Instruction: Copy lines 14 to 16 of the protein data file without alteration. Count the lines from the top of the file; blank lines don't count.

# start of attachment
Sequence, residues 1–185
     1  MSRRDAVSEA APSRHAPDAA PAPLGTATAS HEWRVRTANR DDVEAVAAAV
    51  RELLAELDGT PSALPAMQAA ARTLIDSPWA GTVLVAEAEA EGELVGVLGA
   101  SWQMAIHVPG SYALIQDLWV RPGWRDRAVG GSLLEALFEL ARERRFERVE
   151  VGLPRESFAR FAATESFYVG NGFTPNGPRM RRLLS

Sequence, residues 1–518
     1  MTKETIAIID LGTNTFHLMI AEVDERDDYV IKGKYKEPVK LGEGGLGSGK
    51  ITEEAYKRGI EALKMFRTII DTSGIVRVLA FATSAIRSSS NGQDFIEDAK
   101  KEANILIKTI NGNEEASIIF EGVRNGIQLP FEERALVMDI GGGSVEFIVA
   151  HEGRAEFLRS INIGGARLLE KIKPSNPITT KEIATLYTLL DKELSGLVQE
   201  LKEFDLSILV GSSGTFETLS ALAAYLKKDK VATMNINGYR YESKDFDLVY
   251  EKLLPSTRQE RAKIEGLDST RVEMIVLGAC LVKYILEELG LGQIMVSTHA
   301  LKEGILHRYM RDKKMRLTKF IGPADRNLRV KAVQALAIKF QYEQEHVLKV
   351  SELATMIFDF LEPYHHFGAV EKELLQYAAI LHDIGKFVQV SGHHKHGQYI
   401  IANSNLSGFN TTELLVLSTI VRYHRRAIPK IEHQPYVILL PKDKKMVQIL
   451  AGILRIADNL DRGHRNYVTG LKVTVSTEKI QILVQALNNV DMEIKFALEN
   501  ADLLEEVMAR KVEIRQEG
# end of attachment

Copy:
   351  SELATMIFDF LEPYHHFGAV EKELLQYAAI LHDIGKFVQV SGHHKHGQYI
   401  IANSNLSGFN TTELLVLSTI VRYHRRAIPK IEHQPYVILL PKDKKMVQIL
   451  AGILRIADNL DRGHRNYVTG LKVTVSTEKI QILVQALNNV DMEIKFALEN